The Chinese fixed the value of their currency against the US dollar, keeping it undervalued so as to give their exports greater competitiveness. They provided little or no welfare for their workers, so their costs were artificially low. There were no independent unions in China, so the safety standards…in Chinese factories would have been illegal in America. The state banking system provided cheap credit to state companies that could default without consequence. The central government gave generous value added tax rebates to exporters that were not available to US retailers. Restrictions on emissions were lax, so companies had to pay relatively little to keep the environment clean. Chinese companies routinely stole foreign intellectual property, but it was difficult to prosecute them because the courts were either corrupt or under government control. Finally, the state kept the price of various inputs, such as electricity and water, artificially low, thereby subsidizing industry.
Kynge is outspoken on Western Europe’s (in particular Germany’s and France’s) lack of competitiveness underscored by Germany’s 35-hour and long vacations. And yet, how can they possibly compete against China, no matter how many hours a week they work, when all of the cards are stacked in China’s favor, mostly due to maddeningly unfair government intervention (or lack of intervention)?
But for all of China’s ruthlessness and seemingly unstoppable growth, crushing anything that gets in its path, Kynge leaves us more with a sense of doubt than of fear (though there’s plenty of fear, too). Doubt, because China’s problems (and here comes another hackneyed clichee) are so immense, so overwhelming that its ascension to the status of a global superpower still remains in question. And if it does join the superpower club, surely it will be the strangest member. There has never been a superpower quite like it.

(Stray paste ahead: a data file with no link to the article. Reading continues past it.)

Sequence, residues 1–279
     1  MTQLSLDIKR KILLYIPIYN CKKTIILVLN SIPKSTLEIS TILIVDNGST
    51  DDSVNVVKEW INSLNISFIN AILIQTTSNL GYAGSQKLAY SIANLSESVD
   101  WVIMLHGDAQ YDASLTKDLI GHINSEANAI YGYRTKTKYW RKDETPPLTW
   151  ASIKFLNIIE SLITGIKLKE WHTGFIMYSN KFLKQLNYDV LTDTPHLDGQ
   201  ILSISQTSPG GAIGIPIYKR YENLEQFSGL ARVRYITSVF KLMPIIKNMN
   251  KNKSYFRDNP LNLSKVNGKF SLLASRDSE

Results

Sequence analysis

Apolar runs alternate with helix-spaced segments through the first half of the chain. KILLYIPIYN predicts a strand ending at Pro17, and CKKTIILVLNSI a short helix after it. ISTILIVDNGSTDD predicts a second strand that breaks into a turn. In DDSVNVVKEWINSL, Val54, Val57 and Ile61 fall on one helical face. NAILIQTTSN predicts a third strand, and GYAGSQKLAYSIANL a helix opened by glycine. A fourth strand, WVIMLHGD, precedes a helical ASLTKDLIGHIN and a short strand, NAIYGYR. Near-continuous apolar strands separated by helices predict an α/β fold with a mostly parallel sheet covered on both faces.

Although China is poised to overtake the UK to become the world’s fourth largest economy, on a per capita basis it ranks just above the world’s poorest nations, with an average income of just over $1,000 a year. Even if the country’s gross domestic product one day becomes as large as that of the US, simple mathematics ordains that its people at that time will on average be only one-sixth as wealthy as Americans.
Again, I can’t offer anything more than a snapshot; there’s so much here, and I can’t recommend this book highly enough. Even though I finished it in May I still carry it around with me, revisiting the sections I found most fascinating (and that’s a lot of sections). In terms of balance, perspective and brilliant analysis of what China is today and where it is going tomorrow, this is the best book you can buy.
Update: I just reread my recent post about Germany, which is really all about China Shakes the World, and it should be read along ‘with this post – it delves more deeply into the comparison of Germany and China based on Kynges arguments, and some of the comments there are first-rate.